German police believe a pair of men suspected of assisting the Islamist gunman in the 2020 Vienna attack to have used cryptocurrency exchange Binance.
The men were implicated in a March 2021 letter from Germany’s Federal Criminal Police Office (BKA), recently revealed to Reuters. According to the letter, there were indications that the men identified as Drilon G., a German national, and Blinor S. of Kosovo had bought or sold an unspecified amount of cryptocurrency on Binance. The BKA alleges that Blinor S. used a bank account to make “several” transactions with Binance, while a Binance verification code was found on Drilon G’s phone.
So far, the BKA has refused to release any details regarding the dates, number of value of the transactions. In connection with “potential terrorist attack plans,” the federal authority also requested Binance provide any data related to the duo, including all digital currency transactions.
In their defense, Blinor S. and Drilon G., denied assisting the gunman, or using cryptocurrencies to finance any attack. While Blinor S. did acknowledge investing in cryptocurrencies, saying he had opened a Binance account in February, he stressed doing so only for investment purposes. “I know that every transaction on Binance is traceable,” he said. According to lawyers for both men, neither have been formally charged with a crime and no arrest warrants have yet been issued.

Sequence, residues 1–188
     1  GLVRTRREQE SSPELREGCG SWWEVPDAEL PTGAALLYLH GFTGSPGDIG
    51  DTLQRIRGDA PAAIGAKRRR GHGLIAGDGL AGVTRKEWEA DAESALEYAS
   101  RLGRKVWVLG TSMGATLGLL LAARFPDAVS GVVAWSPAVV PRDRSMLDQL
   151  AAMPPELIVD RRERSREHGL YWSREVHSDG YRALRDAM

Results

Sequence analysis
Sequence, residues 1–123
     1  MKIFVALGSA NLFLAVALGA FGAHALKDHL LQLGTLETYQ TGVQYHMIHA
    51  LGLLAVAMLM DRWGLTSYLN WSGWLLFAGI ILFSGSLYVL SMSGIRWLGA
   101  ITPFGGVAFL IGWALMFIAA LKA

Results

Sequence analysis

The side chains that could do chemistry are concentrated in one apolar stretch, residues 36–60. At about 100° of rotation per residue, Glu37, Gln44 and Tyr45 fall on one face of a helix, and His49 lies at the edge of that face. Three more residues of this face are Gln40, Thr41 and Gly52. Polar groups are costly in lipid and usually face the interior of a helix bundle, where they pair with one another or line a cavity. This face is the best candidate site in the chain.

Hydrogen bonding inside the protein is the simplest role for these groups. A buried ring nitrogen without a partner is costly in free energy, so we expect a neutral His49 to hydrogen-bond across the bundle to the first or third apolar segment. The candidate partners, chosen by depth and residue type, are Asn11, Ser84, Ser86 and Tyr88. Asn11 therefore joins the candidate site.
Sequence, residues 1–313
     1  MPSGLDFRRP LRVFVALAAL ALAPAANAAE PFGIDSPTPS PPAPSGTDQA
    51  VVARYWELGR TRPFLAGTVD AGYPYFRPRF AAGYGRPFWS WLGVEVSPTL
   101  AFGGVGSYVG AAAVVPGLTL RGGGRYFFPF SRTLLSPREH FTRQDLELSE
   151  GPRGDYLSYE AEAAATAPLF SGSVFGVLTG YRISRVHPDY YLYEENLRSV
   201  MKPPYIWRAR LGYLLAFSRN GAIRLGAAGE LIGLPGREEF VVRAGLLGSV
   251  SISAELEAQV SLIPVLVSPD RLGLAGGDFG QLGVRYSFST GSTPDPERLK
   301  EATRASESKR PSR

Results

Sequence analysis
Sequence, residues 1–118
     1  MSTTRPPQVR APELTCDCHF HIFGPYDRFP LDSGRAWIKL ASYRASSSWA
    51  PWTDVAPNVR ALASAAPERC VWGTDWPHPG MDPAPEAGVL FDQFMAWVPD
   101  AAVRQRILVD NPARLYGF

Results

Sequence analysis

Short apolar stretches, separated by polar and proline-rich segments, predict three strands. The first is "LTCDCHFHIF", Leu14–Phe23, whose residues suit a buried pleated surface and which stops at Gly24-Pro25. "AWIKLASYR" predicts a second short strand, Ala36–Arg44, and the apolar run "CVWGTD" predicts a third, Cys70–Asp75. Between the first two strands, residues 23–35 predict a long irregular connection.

Crypto in crime
Armed with an automatic rifle, a handgun and a machete, a 20-year-old Austrian with North Macedonian nationality opened fire at six places around Vienna’s main synagogue on November 2, 2020. After firing into crowded bars for several minutes, killing four and injuring 23, the gunman was shot and killed by police. In a public statement from July last year, Germany’s Federal Public Prosecutor General had named Drilon G. and Blinor S. as suspects who had known about the attack in advance and failed to report them.
While it’s still unclear what role cryptocurrencies may have played in this crime, crypto-linked crime around the world rose nearly 80% last year. The value of crime linked to cryptocurrencies nearly doubled last year to $14 billion, rising 79% from $7.8 billion in 2020.
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